Pregnant smokers more likely to quit with e-cigarettes vs. nicotine patches

Source/Disclosures

Disclosures:
Hajek reports consulting for and receiving research funding from Pfizer. Please see the study for all other authors’ relevant financial disclosures.

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Compared with nicotine patches, e-cigarettes were more effective in helping pregnant women stop smoking, according to data published in Nature Medicine.

Researchers also determined e-cigarettes and nicotine patches had similar safety profiles.

Data derived from Hajek P, et al. Nat Med. 2022;doi:10.1038/s41591-022-01808-0.

‘Objective data… are urgently needed’

Previous studies have shown nicotine replacement therapy (NRT) — including patches — and bupropion are limited in helping pregnant women stop smoking, according to the researchers. However, use of e-cigarettes for smoking cessation in pregnancy has become more popular than NRT, despite a lack of data on the safety and efficacy for women and their fetuses.

“Given that the issue [of safety] has not been definitively settled, and given that e-cigarette aerosol contains other chemicals in addition to nicotine, objective data on pregnancy outcomes in women who switch from smoking to e-cigarette use are urgently needed,” Peter Hajek, PhD, director of the health and lifestyle research unit at Queen Mary University in London, and colleagues wrote.

Study methodology

Hajek and colleagues randomly assigned pregnant women (median age, 27 years) from England and Scotland with a gestational age of 12 to 24 weeks (average, 15.7 weeks) who smoked daily and wanted to quit to either e-cigarettes or NRT patches. They instructed participants to use only their assigned product for at least the first 4 weeks of their attempt to quit.

The researchers conducted follow-up through phone calls near the end of pregnancy — upon first contact between 35 weeks’ gestation and 10 weeks after estimated delivery — and at 3 months postpartum. Calls took place between April 2018 and September 2020.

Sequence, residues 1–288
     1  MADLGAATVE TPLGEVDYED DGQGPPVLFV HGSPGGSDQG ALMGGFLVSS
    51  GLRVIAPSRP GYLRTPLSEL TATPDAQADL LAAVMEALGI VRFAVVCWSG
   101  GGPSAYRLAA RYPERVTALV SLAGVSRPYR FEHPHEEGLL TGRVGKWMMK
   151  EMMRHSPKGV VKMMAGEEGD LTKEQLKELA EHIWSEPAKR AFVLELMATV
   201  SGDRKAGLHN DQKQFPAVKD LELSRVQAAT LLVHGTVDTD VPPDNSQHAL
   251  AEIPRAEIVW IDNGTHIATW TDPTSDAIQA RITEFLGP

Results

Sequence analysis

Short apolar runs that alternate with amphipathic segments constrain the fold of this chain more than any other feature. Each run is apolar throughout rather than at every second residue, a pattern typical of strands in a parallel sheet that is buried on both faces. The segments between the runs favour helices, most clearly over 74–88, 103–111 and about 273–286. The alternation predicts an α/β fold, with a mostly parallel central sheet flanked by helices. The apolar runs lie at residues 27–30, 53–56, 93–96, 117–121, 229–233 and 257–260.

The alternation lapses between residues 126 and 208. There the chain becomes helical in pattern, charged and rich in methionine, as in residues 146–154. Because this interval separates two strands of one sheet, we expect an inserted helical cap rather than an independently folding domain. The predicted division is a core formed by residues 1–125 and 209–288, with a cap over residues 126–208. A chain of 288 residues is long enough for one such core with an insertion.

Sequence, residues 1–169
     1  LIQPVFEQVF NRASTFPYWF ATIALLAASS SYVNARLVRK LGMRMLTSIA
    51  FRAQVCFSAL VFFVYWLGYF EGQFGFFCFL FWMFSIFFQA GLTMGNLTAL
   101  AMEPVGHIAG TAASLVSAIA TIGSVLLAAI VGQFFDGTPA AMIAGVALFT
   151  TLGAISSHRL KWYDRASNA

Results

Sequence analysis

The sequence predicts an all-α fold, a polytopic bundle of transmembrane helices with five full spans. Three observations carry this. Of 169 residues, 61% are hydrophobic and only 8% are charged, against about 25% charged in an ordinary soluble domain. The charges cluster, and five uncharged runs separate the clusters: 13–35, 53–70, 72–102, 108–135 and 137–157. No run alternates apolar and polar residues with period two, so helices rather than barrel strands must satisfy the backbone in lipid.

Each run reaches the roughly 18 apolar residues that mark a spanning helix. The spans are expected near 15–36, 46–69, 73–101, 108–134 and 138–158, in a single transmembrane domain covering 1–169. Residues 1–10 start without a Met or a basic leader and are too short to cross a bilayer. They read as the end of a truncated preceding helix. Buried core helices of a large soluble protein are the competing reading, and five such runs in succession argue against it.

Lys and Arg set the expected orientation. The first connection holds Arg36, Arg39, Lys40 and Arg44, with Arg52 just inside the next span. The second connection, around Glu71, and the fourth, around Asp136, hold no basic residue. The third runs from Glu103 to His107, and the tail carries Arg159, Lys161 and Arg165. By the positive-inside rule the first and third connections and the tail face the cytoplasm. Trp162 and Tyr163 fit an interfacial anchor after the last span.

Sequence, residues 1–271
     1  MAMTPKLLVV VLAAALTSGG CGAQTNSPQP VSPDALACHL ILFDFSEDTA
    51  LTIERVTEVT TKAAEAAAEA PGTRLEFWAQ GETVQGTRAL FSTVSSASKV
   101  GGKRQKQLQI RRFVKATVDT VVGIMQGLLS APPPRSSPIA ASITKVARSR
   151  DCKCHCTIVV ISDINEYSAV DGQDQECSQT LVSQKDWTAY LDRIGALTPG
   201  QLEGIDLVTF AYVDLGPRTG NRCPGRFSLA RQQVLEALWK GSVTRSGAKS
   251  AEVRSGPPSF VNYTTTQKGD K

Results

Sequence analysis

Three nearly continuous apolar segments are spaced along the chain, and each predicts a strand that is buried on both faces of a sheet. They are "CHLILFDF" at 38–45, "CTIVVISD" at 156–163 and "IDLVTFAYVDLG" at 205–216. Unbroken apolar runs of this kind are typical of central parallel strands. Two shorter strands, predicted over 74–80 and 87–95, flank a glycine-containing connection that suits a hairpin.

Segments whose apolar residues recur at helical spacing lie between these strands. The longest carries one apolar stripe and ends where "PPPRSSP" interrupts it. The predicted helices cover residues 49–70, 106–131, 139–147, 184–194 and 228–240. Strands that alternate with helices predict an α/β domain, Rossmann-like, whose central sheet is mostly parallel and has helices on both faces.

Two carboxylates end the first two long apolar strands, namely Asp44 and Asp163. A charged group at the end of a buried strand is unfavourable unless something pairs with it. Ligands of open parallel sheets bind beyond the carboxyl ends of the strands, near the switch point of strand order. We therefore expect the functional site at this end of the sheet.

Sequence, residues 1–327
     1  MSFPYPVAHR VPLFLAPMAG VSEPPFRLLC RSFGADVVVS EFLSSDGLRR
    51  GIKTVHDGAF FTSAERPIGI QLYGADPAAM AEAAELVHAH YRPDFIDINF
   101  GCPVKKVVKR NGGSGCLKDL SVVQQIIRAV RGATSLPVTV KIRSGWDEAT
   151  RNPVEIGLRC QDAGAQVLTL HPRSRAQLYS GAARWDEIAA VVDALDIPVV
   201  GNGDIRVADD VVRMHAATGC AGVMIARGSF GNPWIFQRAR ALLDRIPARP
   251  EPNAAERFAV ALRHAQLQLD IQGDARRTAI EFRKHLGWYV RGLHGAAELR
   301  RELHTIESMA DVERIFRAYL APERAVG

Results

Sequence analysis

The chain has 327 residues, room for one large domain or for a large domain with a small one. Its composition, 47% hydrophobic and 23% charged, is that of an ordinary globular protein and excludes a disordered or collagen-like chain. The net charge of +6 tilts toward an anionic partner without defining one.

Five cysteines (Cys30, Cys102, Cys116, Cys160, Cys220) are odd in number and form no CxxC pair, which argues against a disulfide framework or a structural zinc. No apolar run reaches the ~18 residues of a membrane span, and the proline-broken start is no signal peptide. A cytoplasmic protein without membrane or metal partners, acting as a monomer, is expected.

Participants were asked to provide saliva and carbon monoxide readings to validate self-reported smoking cessation.

Efficacy, safety of nicotine products

In total, 571 women in the e-cigarette arm and 569 women in the NRT arm completed follow-ups, with 196 participants reporting abstinence — 66 in the e-cigarette arm and 42 in the NRT arm. However, validation with saliva and/or carbon monoxide readings showed only 39 women (6.8%) in the e-cigarette arm and 25 (4.4%) in the NRT arm were abstinent (RR = 1.55; 95% CI, 0.95-2.53). The difference between the groups was not significant.

Of note, some women in the NRT arm also used e-cigarettes during the study. Sensitivity analyses excluding abstinent women who used products other than what they were assigned showed that e-cigarettes were significantly more effective than NRT patches (6.8% vs. 3.6%; RR = 1.93; 95 CI%, 1.14-3.26).

“However, if e-cigarette use were to persist in the long term, it is likely to carry some health risks, as well as maintaining nicotine dependence,” the researchers wrote. “In this scenario, e-cigarettes would represent a harm reduction approach.”

Adverse events and maternal and birth outcomes were similar between groups except for low birth weight, which was significantly less frequent among women in the e-cigarette arm (14.8% vs. 9.6%; RR = 0.65; 95% CI, 0.47-0.9).

“Given the questions that remain about the potential risks of nicotine in pregnancy, stopping smoking without nicotine-containing aids is preferable to switching to such products,” Hajek and colleagues concluded. “Only when the choice is between using nicotine products such as NRT or e-cigarettes or continuing to smoke, the use of NRT or e-cigarettes would be the recommended option.”

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Reproductive & Maternal Health Resource Center

Reproductive & Maternal Health Resource Center